In brief: Cognitive behavioral therapy for chronic fatigue syndrome
Cognitive behavioral therapy for chronic fatigue syndrome
A review by the Cochrane Collaboration concludes that cognitive behavioral therapy (CBT) may be an effective treatment for chronic fatigue syndrome, a sometimes disabling condition that results in extreme and persistent lack of energy. Although the disorder is heterogeneous, CBT may help teach many patients to recognize and change negative thinking that may impair recovery.
The reviewers analyzed 15 studies involving 1,043 patients who had chronic fatigue syndrome for an average of almost five years. Overall, studies that compared CBT with control groups found that 40% of patients who underwent CBT reported feeling less fatigued, compared with 26% of patients receiving usual community care or on a waiting list for care. These results held up one to seven months later in patients who attended all CBT sessions, but not for those who had dropped out at some point.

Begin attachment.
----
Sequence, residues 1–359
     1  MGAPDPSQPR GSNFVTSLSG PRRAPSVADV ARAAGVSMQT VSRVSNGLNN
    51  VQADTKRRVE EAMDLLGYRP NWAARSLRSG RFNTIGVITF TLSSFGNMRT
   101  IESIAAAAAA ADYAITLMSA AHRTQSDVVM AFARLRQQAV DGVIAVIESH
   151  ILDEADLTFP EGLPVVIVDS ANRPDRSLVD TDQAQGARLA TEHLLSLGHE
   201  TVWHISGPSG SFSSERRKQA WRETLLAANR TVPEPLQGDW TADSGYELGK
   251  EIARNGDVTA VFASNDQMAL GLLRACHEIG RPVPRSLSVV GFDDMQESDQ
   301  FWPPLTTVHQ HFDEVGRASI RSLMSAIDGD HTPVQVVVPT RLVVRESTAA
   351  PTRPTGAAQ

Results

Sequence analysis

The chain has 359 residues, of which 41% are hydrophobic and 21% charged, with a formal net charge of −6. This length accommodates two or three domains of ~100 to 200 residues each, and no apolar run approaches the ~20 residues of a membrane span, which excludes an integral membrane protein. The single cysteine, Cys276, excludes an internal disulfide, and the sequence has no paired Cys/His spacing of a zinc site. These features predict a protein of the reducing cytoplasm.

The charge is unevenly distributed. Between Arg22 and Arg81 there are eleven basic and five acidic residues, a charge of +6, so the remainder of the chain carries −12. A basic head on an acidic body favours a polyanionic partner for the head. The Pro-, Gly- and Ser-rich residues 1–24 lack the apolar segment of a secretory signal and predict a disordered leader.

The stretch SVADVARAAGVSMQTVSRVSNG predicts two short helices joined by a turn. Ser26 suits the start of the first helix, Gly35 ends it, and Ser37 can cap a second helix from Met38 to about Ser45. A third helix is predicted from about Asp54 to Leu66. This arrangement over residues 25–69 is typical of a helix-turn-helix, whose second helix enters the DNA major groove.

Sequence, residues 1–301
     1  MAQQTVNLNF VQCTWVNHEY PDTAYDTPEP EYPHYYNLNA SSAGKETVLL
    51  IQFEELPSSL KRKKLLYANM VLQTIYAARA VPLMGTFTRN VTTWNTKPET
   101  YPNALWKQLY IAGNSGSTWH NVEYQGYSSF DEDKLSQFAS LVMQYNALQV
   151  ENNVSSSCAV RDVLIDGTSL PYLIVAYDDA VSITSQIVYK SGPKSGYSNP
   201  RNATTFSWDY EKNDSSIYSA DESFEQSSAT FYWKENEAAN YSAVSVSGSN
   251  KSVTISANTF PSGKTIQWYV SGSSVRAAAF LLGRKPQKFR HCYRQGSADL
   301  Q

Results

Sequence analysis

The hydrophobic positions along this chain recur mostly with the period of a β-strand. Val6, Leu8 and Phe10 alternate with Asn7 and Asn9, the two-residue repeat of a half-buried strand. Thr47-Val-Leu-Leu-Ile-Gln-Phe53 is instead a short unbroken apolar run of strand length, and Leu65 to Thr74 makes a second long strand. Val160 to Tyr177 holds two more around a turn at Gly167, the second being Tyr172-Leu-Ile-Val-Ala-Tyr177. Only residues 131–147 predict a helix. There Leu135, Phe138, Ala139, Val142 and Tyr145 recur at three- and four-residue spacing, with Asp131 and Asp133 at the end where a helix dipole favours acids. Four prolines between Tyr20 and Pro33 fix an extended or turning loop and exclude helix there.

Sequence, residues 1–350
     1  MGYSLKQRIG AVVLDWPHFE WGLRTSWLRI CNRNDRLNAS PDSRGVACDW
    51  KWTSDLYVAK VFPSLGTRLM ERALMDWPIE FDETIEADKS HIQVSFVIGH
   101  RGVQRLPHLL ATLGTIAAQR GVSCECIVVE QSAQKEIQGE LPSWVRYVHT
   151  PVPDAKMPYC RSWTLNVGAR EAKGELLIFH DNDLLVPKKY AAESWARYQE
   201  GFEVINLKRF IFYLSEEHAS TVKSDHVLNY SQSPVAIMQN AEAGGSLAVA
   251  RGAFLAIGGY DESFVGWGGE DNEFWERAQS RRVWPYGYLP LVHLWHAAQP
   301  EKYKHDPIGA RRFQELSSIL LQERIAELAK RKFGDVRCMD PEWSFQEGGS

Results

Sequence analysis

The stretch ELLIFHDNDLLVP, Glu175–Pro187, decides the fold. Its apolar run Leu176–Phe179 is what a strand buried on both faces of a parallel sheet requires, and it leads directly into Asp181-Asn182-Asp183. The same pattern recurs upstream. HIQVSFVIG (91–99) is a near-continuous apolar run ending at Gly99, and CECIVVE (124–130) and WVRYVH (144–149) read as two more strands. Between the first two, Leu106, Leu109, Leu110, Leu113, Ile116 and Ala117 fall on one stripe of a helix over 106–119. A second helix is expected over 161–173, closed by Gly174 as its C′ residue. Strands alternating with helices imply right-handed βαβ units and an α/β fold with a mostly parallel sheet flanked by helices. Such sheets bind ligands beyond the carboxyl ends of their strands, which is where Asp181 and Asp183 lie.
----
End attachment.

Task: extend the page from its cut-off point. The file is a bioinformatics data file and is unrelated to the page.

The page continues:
Studies comparing CBT with other psychological therapies, such as relaxation techniques, counseling, and education, also indicate CBT may be more likely to reduce fatigue and other symptoms — but the results were not as clear as those that compared CBT to usual care. And the review indicates that CBT was no better than exercise at reducing fatigue.